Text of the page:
“When a composer [or] a performer dies, that’s it,” Josh Rubenstein, National Chair of Trusts and Estates at Katten Muchin Rosenman LLP, told Forbes.

“It’s no more ... once they’re dead and there can’t be any more [work], all of the sudden everybody comes in and says, ‘Oh, we’ve got to get this guy.’ ”

Other top-earning dead celebrities of 2015 included Elvis Presley at number two with $55 million and “Peanuts” creator Charles Schulz at three with $40 million.

Schulz’s millions come thanks to the enduring popularity of his characters, which include Charlie Brown and Snoopy. “The Peanuts Movie” is also set for release on November 6.

How Michael Jackson's legacy lives on 6 years after his death

+ Michael Jackson wax figure at Madame Tussauds, 2014

Michael Jackson may be gone, but his legacy lives on! The former "Thriller" singer can remembered by his wax figure Madame Tussauds in Hollywood, California and London, England, posing in his iconic dance move.

+ Cirque du Soleil's "Michael Jackson One" 2013

+ Michael Jackson Movie " This is IT" premieres 2009

+ Michael Jackson Album "Michael" album 2010

+ Michael Jackson MoonWalk celebrates 30th Anniversary 2013

+ Michael Jackson recieves LifeTime Achievement Award 2010

+ Michael Jackson Historic Costumes and Memorabilia auction 2011

+ Michael Jackson Holographic performance at Billboard Music Awards 2014

+ Michael Jackson "XSCAPE" album 2014

+ Michael Jackson: The Immortal World Tour, 2011

+ Michael Jackson Honored with HandPrint ceremony 2012

It is the fourth year in a row that the "Thriller" singer has topped the list.
Reggae legend Bob Marley ($21 million) and Hollywood star Elizabeth Taylor ($20 million) also make the top five of the list.

Bob Marley makes $21 million

Elizabeth Taylor makes $20 million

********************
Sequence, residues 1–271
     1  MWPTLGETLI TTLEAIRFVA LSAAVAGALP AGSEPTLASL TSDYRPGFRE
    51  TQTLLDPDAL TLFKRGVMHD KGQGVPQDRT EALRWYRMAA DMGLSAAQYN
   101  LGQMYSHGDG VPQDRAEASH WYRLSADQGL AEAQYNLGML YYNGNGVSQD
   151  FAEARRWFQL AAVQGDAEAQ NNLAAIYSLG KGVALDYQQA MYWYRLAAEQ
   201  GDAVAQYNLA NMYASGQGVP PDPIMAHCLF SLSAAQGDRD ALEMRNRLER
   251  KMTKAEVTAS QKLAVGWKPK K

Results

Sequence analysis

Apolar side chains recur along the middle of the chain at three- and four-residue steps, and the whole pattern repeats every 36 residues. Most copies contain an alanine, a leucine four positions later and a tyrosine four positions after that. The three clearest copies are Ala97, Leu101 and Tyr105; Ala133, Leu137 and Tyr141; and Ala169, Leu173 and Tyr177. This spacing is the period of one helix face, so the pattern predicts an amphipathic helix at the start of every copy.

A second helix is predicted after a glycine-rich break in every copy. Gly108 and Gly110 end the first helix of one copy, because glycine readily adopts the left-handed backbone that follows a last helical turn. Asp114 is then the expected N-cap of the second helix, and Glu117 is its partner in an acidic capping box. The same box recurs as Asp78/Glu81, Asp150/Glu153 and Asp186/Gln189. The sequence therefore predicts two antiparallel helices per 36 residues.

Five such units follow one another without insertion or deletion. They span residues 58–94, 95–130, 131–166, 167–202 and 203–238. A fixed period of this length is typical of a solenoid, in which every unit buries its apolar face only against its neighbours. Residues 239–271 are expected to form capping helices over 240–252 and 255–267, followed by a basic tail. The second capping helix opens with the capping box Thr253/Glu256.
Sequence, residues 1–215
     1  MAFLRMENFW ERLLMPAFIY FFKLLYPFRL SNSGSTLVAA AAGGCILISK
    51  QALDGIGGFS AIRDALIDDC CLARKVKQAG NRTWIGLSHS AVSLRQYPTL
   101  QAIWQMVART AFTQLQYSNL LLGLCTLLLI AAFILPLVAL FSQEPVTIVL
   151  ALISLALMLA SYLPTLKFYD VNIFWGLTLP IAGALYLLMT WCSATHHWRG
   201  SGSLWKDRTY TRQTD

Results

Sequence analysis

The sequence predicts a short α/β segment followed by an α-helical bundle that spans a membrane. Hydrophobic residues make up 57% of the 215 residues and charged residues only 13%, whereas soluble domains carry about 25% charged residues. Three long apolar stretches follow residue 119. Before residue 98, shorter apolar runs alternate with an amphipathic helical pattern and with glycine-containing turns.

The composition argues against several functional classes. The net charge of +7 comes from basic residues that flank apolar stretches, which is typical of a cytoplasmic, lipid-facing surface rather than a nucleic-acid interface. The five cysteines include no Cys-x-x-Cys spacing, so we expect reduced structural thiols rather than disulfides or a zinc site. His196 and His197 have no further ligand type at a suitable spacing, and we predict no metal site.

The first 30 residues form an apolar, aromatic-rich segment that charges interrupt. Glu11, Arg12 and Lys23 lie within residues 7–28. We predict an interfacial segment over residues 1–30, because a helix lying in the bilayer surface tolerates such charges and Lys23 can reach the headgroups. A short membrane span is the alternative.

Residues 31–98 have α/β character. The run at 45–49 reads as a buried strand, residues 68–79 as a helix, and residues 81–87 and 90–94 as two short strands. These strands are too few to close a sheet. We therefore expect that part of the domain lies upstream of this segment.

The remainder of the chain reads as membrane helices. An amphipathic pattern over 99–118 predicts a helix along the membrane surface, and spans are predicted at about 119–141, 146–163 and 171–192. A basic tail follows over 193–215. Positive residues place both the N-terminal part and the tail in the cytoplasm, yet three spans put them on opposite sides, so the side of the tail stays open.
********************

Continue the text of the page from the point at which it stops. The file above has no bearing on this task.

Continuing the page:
John Lennon was seventh in the list.

Jackson’s fortune has been generated by the Las Vegas Cirque du Soleil show “Michael Jackson One,” his Mijac Music catalog, recorded music sales and ownership of half of the Sony/ATV publishing empire.

It is the fourth year in a row that the former Jackson 5 singer has topped the list.

Since his death, Michael Jackson's estate have released two albums of previously unreleased track; 2010’s “Michael” and 2015’s “Xscape,” which topped album charts around the world.

The remaining stars to make the top 13 were Marilyn Monroe, John Lennon, Albert Einstein, Paul Walker, Bettie Page, Theodor (Dr. Seuss) Geisell, Steve McQueen and James Dean.

October 7, 2015

Tracy Morgan

Walmart has made good with comedian Tracy Morgan over the June 2014 traffic collision involving one of its drivers that left Morgan seriously injured. Making good with its insurance companies, on the other hand, is a different matter.

The retail giant has filed a lawsuit against a number of insurance companies including Liberty Insurance Underwriters, the Ohio Casualty Insurance Company and QBE Insurance Corporation, claiming that the companies haven’t paid their portion of the settlements made as a result of the crash, Courthouse News Service reports.

“Some of Walmart’s insurance companies have met their obligations under the insurance policies they sold and compensated Walmart for a portion of the settlement amounts,” the complaint reads. “Other of Walmart’s insurance companies, the defendants here, have in bad faith refused to consent to these settlements and have refused to pay their portions of the settlement under the insurance policies that they sold.”

The collision occurred on the New Jersey Turnpike when a Walmart truck driven by Kevin Roper collided with a limo bus carrying Morgan and others, including comedian James McNair, who was killed in the accident. The National Transportation Safety Board later determined that Roper had only had four hours of “sleep opportunity” in the preceding 33 hours, diminishing his awareness.

Walmart settled with Morgan as well as McNair’s family. While the company’s settlement with Morgan was confidential, Walmart reportedly agreed to a $10 million settlement to McNair’s family.

“Walmart took full responsibility for the tragic accident and did what was right to ensure the well-being of those who were impacted. We funded the settlement agreements in full, but some of the insurance carriers have failed to pay their portion of the settlement amount,” Walmart told TheWrap in a statement. “This is no different than any individual who holds an insurance policy, makes a claim for a covered loss, and then is told by the insurance company that despite the existence of coverage, they don’t intend to pay.”

The lawsuit also claims that the insurance companies continually made “harassing and pretextual demands for more and more information” as “a pretext to avoid settling the Survivors Lawsuit.”

Alleging breach of contract, negligent failure to settle claim within policy limits and bad-faith failure to settle claim within policy limits, Walmart is seeking unspecified damages.

By: Tim Kenneally
Pamela Chelin contributed to this report.